just your opportunity. First off,if you missed the show, you missed
it. I'm sure you missed anamazing show. Number one. Number two,
I want opera Memphis, mister nettell us more about what opera Memphis
has going on. So, butwe'll kick things off with the show.
It is the seventeenth and eighteenth inMemphis, so tell me about it,

(01:52):
ned sure. So the show isLebo m by Jacomo Puccini. It's one
of the best selling favorite operas ofall time. Labo m so the Bohemian
life, you know. So it'sabout artists and poets living, you know,
trying to break in. But itreally is about when you're young and
you're living with a bunch of yourfriends off Ramen noodles, but you're trying

(02:14):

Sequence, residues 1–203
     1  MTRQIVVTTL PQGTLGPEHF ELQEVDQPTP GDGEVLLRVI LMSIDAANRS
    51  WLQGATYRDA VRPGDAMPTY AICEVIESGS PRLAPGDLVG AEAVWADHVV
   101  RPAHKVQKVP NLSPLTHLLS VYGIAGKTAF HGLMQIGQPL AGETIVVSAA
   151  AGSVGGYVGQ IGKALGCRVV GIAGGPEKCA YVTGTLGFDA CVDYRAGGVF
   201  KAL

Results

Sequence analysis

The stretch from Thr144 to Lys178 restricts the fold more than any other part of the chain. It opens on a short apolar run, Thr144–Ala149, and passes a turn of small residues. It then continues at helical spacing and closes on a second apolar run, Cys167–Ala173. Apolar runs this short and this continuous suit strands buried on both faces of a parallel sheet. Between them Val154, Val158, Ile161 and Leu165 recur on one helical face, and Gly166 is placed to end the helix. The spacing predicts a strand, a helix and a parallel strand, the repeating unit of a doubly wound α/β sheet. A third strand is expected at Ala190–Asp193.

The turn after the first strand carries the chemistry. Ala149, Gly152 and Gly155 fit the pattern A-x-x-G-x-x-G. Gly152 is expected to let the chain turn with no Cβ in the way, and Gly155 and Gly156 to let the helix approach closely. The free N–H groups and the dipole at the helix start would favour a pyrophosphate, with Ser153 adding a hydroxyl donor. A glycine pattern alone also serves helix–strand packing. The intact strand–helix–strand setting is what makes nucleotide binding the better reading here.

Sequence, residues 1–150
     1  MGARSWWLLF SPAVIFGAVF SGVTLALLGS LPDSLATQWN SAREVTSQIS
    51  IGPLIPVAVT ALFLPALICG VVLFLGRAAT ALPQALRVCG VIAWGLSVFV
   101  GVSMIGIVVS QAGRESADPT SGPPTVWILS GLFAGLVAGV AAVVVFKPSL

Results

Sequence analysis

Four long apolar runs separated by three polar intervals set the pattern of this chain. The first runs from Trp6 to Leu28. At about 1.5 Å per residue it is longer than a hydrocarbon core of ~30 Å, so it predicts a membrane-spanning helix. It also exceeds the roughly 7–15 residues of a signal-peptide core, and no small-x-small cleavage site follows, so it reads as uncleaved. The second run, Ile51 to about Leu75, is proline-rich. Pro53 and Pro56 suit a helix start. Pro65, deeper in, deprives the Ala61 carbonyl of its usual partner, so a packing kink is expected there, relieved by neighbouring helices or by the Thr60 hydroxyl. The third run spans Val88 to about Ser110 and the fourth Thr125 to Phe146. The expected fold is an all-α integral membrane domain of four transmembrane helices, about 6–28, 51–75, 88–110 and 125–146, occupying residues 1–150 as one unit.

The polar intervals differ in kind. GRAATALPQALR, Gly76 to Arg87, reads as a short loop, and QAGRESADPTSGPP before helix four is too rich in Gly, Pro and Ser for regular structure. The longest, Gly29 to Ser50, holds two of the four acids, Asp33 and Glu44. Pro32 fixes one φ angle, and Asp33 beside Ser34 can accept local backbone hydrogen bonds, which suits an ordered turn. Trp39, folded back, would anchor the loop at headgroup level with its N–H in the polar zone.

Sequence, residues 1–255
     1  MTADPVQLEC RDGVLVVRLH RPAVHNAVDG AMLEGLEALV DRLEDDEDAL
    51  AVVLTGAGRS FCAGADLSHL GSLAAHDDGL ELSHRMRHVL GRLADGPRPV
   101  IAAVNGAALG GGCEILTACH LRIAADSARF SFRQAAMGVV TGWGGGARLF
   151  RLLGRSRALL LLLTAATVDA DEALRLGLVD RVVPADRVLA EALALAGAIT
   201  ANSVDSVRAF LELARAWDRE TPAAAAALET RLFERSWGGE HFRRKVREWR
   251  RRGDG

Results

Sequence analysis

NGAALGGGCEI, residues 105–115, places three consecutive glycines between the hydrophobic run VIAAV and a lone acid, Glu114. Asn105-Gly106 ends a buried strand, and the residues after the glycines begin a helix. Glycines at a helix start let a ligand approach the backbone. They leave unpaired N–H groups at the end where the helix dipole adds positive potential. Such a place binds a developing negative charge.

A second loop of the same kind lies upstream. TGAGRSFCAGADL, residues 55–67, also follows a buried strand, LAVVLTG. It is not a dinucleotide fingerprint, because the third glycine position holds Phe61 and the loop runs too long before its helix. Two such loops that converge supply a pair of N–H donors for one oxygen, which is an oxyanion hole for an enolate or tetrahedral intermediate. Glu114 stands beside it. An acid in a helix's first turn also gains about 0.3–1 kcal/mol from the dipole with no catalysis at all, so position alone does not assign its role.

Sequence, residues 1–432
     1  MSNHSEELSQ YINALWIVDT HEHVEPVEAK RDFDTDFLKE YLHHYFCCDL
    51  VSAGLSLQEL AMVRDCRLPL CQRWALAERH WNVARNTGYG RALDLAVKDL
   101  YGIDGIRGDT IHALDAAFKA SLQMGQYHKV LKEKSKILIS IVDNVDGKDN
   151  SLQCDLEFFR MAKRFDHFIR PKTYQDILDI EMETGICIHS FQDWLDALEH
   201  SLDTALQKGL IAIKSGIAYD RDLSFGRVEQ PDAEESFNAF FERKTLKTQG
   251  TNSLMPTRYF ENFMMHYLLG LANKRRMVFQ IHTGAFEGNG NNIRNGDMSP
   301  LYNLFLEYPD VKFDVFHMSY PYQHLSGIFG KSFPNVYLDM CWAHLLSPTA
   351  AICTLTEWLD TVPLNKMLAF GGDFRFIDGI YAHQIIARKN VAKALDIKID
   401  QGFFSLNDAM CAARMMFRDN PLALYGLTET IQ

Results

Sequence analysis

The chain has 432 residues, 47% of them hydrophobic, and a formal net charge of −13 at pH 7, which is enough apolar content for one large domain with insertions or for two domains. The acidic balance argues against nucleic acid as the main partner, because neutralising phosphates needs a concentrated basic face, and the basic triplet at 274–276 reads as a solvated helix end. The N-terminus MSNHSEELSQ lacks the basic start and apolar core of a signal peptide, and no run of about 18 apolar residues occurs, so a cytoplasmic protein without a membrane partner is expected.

to pursue your dream. Basically whatit's about. And you know, the
musical Rent was based on it.The movie Mulan Rouge was inspired by it
there than other movies. But youknow, as one of our other singers
in the show said, you know, living single and friends are basically this
kind of same idea, this familythat you create for yourself in your early
twenties, you know, into yourthirties, where you haven't quite settled down

(02:36):
and you're decide, you're figuring outwho you are, You're falling in love
and out of love. It's thatsort of story, okay. And it
is originally set in Paris in theeighteen thirties. Ok And the big thing
with this particular production that we've beenworking on for years is to do a
new production of it, and we'regoing to set it instead of Paris,
it's set in Memphis, and it'sset in Memphis in nineteen fifteen. And

(02:59):